Reporting tax avoidance compels violators to pay their fair share.
Created in 2006, the IRS Whistleblower Office provides financial compensation to conscientious individuals who provide information that leads to the recovery of unpaid taxes due to tax fraud. While these complex cases may take years to conclude, it can be time well spent in terms of justice and potential monetary reward.
Cash rewards under the Tax Relief and Health Care Act
Established as part of the Tax Relief and Health Care Act of 2006, the IRS Whistleblower Office provides rewards of 15 to 30 percent of the total proceeds collected as a result of the whistleblower’s information. Under the law codified at 26 U.S.C. §7623, there is no minimum recovery required in tax claims against corporations and other legal entities. However, in the case of tax liabilities of individuals, the law applies only if the individual’s gross income exceeds $200,000 for each taxable year at issue and only if the tax, penalties, interest, additions to tax, and additional amounts in dispute for the combined tax periods exceed $2 million.
How tax fraud whistleblower claims work
Unlike qui tam claims filed under the Federal False Claims Act, tax whistleblower claims do not involve the filing of a suit against the responsible taxpayer (or tax evader). Rather, the whistleblower typically hires an attorney to research the tax issues in question, hire and advance the costs of experts in tax law and accounting, prepare forms and disclosures to be filed with the IRS Whistleblower Office, and to interface between the Office and expert witnesses for the duration of the investigation, which may require several years to conclude.
Types of tax fraud that can spark whistleblower claims
The types of tax claims that may be presented to the IRS Whistleblower Office are as varied and complex as the Internal Revenue Code itself. Areas of particular interest include:
- Transfer pricing of pharmaceuticals manufactured in foreign countries and sold by U.S. subsidiaries of international pharmaceutical firms.
- Schemes to shift corporate or individual income to offshore tax havens or jurisdictions with lower tax rates.
- Tax shelters designed to generate deductions rather than legitimate business transactions.
- Tax avoidance schemes involving capital gains on large real estate holdings.
- Tax avoidance schemes involving the federal estate tax on large estates.
Long-term IRS whistleblower investigations nearing completion
In April 2011, the IRS Whistleblower Office paid out its first-ever reward — a check totaling $3.24 million after taxes, based on a 22 percent cut of the $20 million in taxes and interest that was recovered roughly four years after the whistleblower’s initial complaint. There are reportedly many high-quality whistleblower claims that have been filed since the new law was put into place in 2006 that remain under active investigation. It will be only a matter of time before those investigations begin to be concluded, tax liabilities begin to be collected, and large rewards to whistleblowers begin to be announced on a regular basis. However, potential whistleblowers should be aware that it may take years for the typical IRS whistleblower claim to reach a conclusion.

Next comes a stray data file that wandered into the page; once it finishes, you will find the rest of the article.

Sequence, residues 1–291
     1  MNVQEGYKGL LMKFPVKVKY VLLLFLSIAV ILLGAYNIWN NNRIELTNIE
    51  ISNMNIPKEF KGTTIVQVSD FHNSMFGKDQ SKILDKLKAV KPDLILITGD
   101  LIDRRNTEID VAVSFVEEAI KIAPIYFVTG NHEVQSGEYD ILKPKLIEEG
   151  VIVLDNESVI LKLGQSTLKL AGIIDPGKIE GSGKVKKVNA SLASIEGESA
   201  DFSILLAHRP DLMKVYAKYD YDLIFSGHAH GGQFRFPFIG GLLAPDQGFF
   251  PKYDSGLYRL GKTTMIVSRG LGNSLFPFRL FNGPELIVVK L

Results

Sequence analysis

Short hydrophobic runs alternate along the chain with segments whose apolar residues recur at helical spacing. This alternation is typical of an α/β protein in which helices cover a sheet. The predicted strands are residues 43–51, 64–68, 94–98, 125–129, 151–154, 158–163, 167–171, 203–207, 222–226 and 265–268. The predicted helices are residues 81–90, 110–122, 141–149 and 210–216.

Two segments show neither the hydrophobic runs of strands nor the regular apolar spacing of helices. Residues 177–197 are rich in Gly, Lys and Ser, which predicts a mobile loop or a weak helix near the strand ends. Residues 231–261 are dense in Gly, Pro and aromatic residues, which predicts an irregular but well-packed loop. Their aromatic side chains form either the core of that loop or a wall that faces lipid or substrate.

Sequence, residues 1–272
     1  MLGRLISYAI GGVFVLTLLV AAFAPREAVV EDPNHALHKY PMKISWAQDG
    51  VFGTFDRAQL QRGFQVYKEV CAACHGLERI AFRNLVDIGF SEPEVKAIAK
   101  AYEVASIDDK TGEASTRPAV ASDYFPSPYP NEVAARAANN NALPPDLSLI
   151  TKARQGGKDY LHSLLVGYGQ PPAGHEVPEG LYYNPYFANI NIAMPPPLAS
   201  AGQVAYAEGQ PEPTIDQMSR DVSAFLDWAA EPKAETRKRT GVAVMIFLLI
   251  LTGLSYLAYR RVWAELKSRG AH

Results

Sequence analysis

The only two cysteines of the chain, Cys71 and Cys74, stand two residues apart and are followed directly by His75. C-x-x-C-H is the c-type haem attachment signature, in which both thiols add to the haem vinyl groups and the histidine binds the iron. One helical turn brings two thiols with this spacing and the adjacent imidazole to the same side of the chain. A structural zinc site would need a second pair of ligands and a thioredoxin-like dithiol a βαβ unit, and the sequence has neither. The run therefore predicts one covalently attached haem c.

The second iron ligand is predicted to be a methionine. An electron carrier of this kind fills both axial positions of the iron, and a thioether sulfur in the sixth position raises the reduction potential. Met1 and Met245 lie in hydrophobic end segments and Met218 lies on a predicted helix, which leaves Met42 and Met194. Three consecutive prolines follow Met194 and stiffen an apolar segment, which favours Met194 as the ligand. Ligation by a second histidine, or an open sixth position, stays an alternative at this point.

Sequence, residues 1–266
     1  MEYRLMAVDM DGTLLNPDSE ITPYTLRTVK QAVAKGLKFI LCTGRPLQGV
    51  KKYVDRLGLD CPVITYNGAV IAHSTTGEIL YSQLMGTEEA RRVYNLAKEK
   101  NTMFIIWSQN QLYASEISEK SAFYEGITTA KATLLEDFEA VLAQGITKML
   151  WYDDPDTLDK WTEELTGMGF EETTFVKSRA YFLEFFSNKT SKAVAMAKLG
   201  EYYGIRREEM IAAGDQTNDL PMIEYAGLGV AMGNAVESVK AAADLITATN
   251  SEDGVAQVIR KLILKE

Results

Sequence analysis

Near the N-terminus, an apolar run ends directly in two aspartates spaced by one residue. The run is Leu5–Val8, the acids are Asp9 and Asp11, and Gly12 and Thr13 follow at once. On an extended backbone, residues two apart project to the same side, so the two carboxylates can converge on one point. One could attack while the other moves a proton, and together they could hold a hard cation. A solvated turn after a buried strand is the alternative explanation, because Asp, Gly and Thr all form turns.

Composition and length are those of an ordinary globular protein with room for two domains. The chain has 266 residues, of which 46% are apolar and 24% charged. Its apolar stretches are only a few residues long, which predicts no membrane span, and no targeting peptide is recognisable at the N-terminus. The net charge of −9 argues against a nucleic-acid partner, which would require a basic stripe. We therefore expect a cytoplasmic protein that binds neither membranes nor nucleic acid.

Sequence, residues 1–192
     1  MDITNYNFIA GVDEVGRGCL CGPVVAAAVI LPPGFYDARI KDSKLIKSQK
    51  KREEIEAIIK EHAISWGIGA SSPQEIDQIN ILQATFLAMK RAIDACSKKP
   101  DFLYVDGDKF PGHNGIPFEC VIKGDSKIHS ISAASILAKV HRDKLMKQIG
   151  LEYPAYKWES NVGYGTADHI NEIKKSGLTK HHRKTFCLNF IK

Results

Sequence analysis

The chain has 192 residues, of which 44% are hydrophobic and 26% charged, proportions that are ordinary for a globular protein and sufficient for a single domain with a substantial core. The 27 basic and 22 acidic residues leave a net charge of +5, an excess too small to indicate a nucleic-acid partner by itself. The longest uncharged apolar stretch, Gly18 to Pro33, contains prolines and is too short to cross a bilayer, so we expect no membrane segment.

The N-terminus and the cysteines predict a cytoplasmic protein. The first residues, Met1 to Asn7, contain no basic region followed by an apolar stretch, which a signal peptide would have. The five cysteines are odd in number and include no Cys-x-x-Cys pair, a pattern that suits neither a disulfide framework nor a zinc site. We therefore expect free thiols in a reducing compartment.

Choosing a tax fraud whistleblower attorney
In selecting counsel to pursue a tax whistleblower claim, an important consideration may be the financial resources available to the whistleblower’s counsel to retain the very best experts in the fields of accounting and tax law to substantiate the whistleblower’s claims before the IRS Whistleblower Office. As a mid-size plaintiffs’ firm with a national presence, the lawyers of Waters & Kraus routinely work with expert witnesses in all of their cases. We do not hesitate to secure the services of renowned experts in order to bring cases to successful resolution.
How Waters & Kraus can help whistleblowers
With a national presence and in-depth experience fighting fraud against the government, Waters & Kraus, LLP, provides aggressive representation of whistleblowers in qui tam actions and related complaints. The firm currently represents whistleblowers seeking to recover funds on behalf of the federal and state governments in a variety of cases, which may involve defendants such as large pharmaceutical companies, government contractors, school district contractors, and hospice and nursing home care providers.
To learn more about qui tam representation at Waters & Kraus, or to have one of our attorneys review your potential case, email us or call 800.226.9880.